Sengal’s President Abdoulaye Wade has a key aspect of planned electoral reform that would have enabled the country to elect a candidate as president after securing just 25% of the vote, as opposed to the current minimum of 50%.
AFP - Senegal's President Abdoulaye Wade on Thursday dropped a plan to enable a presidential candidate to win elections with 25 percent of votes, Justice Minister Cheikh Tidiane Sy said.
The minister was addressing lawmakers discussing constitutional reform amid clashes outside the parliament building between police and protesters opposed to Wade's plan, with at least one policeman hurt in the violence.
Among these changes, "one relates essentially to the retaining of the current stipulations of Article 33 of our constitution. ... The government will formally present this amendment," Sy said, without giving details.
Article 33 states that "no one is elected in the first round unless he has obtained the absolute majority of votes cast," and that if this is not the case, there will be a second round of voting.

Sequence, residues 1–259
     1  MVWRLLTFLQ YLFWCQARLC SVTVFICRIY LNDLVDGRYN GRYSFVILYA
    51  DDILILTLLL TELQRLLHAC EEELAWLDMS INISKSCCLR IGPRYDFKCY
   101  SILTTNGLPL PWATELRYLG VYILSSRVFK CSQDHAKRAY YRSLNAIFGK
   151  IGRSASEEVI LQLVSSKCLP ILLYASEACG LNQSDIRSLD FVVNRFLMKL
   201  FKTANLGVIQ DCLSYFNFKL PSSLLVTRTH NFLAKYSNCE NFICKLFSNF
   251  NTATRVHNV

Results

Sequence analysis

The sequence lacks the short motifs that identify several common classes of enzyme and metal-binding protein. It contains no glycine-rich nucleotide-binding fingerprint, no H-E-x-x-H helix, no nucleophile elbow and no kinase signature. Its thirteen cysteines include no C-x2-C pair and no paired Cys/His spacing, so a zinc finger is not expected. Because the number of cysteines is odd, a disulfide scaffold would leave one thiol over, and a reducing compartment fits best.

Under the scheme denounced by Wade's foes, "a president can be elected against the will of 75 percent of the population," said Mbaye Niang, parliamentarian and spokesman for the main opposition coalition.
The current arrangement provides for a threshold of 50 percent of the votes for an outright win in the first round.
The opposition saw the project as a scheme by Wade, who is 85, to avoid a second round of voting and to line up his son Karim for the succession in elections in February.
Before the justice minister's statement, several dozen demonstrators in favour of the planned changes applauded lawmakers as they arrived for the debate while protesters continued to arrive outside the parliament building.
The protesters hurled stones at the building and clashed with riot police, who were present in force.
Date created : 2011-06-23